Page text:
The Power of Chimichurri Santenello's Snack

You’ve been riding all day. You’re completely drained, devoid of all energy or culinary creativity.

But here’s the problem: you promised your significant other dinner, and just invited your famished ride buddies over as well. You’re already an hour-and-a-half late. People are hangry, especially your better half. Your only chance at redemption is to cook something unreal, and quick. But you blew out your derailleur on the ride (hence the tardiness), so it needs to be cheap, too.

This, my perplexed friend, is your hero bail-out recipe: chimichurri (“chim-meechurry”), a dish as delicious as it is fun to say, and as exotic as it is colorful. This brightgreen sauce has more kick than an Argentina vs. Brazil World Cup match; just pair it with your perfectly cooked free-range livestock, sea creature, or garden vegetables of choice, and it will turn your dirtbag status to desirable culinary rock star in 10 minutes.


  • 1/4 cup olive oil
  • 1/4 cup red or white wine vinegar (bonus points for using Spanish Sherry vinegar)
  • 1/4 sweet onion, rough chopped (green is good too, just use a little bit more)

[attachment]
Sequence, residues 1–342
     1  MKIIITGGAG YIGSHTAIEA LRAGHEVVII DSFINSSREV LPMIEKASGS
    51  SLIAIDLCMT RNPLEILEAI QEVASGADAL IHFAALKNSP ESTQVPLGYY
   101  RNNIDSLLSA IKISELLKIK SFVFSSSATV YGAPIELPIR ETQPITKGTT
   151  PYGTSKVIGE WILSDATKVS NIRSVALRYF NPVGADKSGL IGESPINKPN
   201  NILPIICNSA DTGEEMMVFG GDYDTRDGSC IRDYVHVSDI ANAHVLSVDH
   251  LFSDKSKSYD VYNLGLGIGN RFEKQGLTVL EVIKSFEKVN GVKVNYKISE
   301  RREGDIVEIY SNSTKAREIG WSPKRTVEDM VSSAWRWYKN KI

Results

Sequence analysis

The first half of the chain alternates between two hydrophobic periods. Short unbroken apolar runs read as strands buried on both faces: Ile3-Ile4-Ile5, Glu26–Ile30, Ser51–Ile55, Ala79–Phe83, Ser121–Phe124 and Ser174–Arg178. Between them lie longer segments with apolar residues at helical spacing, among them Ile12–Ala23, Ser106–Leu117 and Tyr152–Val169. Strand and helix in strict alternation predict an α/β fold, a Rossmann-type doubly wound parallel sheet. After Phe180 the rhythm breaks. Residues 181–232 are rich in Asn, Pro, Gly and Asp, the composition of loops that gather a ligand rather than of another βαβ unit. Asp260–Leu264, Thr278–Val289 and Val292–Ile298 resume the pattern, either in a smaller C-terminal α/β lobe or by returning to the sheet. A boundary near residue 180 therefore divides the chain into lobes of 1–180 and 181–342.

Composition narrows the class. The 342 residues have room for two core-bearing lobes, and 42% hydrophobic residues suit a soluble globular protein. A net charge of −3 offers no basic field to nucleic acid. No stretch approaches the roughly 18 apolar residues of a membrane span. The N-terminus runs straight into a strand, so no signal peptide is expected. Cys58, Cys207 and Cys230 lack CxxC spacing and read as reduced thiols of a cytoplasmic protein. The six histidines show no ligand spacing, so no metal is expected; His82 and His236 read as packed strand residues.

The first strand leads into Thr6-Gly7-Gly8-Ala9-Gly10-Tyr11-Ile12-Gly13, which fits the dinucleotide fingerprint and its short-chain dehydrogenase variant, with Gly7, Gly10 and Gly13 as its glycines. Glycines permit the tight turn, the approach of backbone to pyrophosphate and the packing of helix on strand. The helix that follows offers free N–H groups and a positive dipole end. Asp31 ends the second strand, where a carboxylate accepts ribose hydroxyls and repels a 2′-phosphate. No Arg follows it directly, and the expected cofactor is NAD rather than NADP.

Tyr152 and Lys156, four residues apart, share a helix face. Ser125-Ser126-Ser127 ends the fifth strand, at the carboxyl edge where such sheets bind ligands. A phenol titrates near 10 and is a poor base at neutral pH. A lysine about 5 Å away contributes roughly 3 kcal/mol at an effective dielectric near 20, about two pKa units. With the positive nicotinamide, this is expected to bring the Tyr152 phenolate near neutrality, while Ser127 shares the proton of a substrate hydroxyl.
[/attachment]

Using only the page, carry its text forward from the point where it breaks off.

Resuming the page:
• 1-2 jalape.os. Seeded for mild, seeds for extra kick
  • 1 healthy bunch of cilantro or Italian parsley, rough chopped (at least a cup, more is better)
  • Salt to taste


  • Place onions, olive oil and vinegar in a blender (or whatever device you use to make a smoothie), adding herbs last for easier blending.
  • Blend till smooth and season with salt.
  • Serve with your favorite grilled meats, fish, or veggies.


If a sauce tastes perfect on its own, it’s called a soup. A good sauce should be intense, concentrated and, when added to its accompanying dish, should achieve a harmonious middle ground.


Use whatever herbs, chilis, vinegars, onions, or oils you prefer. Add spices like Sumac, coriander, cumin, or caraway for depth. Make it creamy by blending in avocado. Get creative, have fun, play around, and—just like preparing for an enduro—try different lines before your race run. Stay out of the culinary sheep path.

Spencer Santenello is a private chef who has been mountain biking for 15 years and cooking since he was a grom. When not behind handlebars or in the kitchen, he can be found in either Whatcom County or Kauai, HI, surfing, riding, building trail or drinking lavender Americanos.